Book Club

Senior Planet Book Club: Erotic Stories for Punjabi Widows (Week 4)

Welcome to our fourth week’s discussion of…

Erotic Stories for Punjabi Widows by Balli Kaur Jaswal

For week five of our book club, please finish the book by Tuesday, November 2nd.

Then come back to and we will open a conversation in the comments so everyone can discuss what we read.

Join us on Thursday, November 4th at 4:30pm EST for our discussion about the whole book over Zoom.

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6 responses to “Senior Planet Book Club: Erotic Stories for Punjabi Widows (Week 4)

  1. The odds of me reading this novel would have been improbable if not for my participation in a senior book club. Surprisingly, this tale turned out to be an unexpected cultural gem; peppered with well-timed humor, oodles of unforeseen eroticism, and a series of mysterious murders shrouded under a dupatta of taboo ancestral norms.

    Set in London and Southhall in England, the narrative chronicles the journey of a class of undervalued Punjabi widowed women grappling with whether to abandon incongruent Indian traditions of the motherland in order to adapt “a proper modern girl” perspective common in British society. Secrets and closeted skeletons are unearthed to expose the bones of souls lost to deception and murders, as the women simultaneously discovered their own voices and societal worth.

    Jaswal’s writing style is warm and engaging with traditional Sikh code of honor and superstitions interspersed throughout the novel. As I read these expressed accounts, I couldn’t help but be struck by the similarities in beliefs that mirrored convictions among many other cultures, such as African, yet appeared just as equally antithetical to others, such as British and American norms.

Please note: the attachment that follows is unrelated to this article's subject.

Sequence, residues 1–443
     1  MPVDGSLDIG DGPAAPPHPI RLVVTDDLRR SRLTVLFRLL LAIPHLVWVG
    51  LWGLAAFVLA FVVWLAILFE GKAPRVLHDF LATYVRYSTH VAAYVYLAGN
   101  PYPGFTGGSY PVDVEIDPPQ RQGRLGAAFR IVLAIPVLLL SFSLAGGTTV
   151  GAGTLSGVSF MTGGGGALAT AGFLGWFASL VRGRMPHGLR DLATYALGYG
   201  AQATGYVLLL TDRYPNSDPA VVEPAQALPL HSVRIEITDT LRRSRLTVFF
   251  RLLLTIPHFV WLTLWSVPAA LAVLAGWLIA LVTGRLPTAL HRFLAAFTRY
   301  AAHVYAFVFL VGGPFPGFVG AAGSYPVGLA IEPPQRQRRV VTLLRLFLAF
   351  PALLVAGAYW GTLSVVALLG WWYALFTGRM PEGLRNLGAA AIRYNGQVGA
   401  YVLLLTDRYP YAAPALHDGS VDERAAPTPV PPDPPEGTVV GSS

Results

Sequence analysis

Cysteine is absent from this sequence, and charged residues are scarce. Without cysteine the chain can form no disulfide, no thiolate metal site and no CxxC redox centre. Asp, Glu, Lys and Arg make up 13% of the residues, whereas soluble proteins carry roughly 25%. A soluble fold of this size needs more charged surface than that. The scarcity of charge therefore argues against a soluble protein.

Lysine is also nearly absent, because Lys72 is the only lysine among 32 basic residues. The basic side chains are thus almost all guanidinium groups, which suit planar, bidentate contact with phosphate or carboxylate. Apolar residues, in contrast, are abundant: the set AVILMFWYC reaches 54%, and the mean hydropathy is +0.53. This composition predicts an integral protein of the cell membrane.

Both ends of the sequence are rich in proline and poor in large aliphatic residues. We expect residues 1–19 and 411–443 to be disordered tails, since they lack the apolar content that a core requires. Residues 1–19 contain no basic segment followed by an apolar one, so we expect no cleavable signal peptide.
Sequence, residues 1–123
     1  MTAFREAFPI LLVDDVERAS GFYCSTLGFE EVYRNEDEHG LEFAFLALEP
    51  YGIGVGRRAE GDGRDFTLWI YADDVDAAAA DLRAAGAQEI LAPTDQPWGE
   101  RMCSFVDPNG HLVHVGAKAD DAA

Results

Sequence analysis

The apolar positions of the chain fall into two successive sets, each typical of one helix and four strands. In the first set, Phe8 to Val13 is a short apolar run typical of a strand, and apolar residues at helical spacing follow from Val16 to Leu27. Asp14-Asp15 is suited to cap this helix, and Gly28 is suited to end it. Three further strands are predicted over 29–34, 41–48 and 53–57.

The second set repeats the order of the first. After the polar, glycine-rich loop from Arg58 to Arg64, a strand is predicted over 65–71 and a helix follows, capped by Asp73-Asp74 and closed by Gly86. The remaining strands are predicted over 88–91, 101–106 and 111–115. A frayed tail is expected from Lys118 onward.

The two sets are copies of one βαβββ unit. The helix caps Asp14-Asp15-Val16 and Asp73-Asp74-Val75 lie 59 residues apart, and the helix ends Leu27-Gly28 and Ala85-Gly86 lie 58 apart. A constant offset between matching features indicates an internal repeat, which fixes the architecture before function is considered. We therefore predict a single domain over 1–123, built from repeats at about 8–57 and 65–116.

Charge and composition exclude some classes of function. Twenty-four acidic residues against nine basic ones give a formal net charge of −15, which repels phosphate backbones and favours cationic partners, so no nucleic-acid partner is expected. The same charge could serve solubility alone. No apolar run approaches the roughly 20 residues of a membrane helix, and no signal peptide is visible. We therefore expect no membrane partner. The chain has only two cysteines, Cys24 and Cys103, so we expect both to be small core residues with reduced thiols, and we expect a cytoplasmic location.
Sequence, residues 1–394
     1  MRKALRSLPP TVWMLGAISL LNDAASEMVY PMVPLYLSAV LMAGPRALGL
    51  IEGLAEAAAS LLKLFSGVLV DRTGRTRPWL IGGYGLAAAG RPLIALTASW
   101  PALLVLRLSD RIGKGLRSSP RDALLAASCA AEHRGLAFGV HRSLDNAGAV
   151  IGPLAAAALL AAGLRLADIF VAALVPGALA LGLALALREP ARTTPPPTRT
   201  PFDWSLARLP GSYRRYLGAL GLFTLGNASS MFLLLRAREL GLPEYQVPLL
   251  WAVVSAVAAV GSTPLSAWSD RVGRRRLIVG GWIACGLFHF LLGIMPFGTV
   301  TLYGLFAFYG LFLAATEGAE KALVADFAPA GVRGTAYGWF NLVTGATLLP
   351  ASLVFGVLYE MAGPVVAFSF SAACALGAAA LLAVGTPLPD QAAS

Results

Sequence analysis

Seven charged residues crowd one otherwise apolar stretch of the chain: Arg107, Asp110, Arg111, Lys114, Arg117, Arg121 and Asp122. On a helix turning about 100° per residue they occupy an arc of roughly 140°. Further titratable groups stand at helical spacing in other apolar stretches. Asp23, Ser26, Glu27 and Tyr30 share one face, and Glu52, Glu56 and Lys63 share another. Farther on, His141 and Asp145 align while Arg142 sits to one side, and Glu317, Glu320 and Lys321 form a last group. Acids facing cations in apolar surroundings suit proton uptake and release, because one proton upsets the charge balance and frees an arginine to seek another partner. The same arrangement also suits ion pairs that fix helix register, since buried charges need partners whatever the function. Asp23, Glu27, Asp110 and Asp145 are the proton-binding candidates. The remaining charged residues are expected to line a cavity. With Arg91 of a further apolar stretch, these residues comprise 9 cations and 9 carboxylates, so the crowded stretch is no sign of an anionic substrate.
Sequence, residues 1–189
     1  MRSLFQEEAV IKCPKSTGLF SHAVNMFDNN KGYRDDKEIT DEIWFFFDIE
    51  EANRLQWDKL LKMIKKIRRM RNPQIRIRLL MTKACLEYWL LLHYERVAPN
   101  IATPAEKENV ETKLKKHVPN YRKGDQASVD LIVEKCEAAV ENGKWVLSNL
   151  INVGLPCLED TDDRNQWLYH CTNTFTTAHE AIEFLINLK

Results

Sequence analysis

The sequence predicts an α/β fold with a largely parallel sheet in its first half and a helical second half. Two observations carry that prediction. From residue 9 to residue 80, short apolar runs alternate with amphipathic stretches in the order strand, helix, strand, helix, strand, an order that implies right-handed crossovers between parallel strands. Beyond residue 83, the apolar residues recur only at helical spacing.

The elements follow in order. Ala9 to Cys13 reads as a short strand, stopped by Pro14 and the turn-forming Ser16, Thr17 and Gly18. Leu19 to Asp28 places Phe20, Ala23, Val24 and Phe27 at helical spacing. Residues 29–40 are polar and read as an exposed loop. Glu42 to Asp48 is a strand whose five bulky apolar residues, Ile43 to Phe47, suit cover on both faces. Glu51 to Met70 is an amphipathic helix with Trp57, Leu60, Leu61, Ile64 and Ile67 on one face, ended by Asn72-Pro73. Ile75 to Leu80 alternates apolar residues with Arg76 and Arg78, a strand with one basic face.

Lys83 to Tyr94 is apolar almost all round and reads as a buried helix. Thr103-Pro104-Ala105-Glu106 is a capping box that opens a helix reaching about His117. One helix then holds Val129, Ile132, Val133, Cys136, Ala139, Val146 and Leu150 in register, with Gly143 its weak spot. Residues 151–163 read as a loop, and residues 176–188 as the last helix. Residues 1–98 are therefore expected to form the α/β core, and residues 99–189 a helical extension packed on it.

2. This is from an 81-year old guy.
    “Universal themes” is spot on. NOT about porn, DOESN’T glorify porn.
    Universal and specifically about women’s rights, and how very often women don’t realize they have any rights.
    In this instance, maybe this group of Punjabi women had no rights in India, but now they are in not just in a different country, but they are actually in a different *world!*
    Yet they live and act as if they were back in their *home* country.
    I’ve read many books about this theme in my other book club (wait for it!) the Indian River County (Florida) Democratic Women’s Club Book Club. I’m a paid-up member and the only male who has ever been involved there.
    Since 2016.
    See you on Nov. 4th.

  3. Agree with Julia and Veronika! Thoroughly enjoyed reading this book, and am unsure if I would have without it being the Senior Planet book club selection. Have recommended it to others; some who are reluctant since they don’t get grasp the universality of the themes that we are more alike than we have been led to believe, & everyone has stories to share.

    1. I agree Julia. And now, my husband is reading the book. It’s so fun to ask, “Where are you now in the book?” There are so many topics to talk about. The story themes are universal – but often mostly not aired or owned. What a creative way to inform the world that we all have stories to share. Intimate ones don’t have to stop at any age. Looking forward to the discussion.

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